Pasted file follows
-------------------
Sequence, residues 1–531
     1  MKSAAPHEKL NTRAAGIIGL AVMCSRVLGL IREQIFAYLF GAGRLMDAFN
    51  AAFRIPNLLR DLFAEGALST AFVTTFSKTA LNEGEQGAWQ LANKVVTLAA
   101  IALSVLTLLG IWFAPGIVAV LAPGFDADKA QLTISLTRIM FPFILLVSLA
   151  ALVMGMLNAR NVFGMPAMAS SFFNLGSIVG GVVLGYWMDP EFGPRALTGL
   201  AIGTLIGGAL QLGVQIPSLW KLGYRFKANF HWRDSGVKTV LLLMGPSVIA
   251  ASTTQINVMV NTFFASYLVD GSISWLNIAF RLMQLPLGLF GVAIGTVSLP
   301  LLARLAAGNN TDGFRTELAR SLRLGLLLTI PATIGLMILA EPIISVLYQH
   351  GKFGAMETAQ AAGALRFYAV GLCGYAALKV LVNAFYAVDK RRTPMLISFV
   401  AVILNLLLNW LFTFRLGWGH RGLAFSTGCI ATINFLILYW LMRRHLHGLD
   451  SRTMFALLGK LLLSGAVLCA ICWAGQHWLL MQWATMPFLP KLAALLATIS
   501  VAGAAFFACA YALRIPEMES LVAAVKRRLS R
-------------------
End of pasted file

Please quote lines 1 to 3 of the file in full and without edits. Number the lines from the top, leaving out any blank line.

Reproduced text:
Sequence, residues 1–531
     1  MKSAAPHEKL NTRAAGIIGL AVMCSRVLGL IREQIFAYLF GAGRLMDAFN
    51  AAFRIPNLLR DLFAEGALST AFVTTFSKTA LNEGEQGAWQ LANKVVTLAA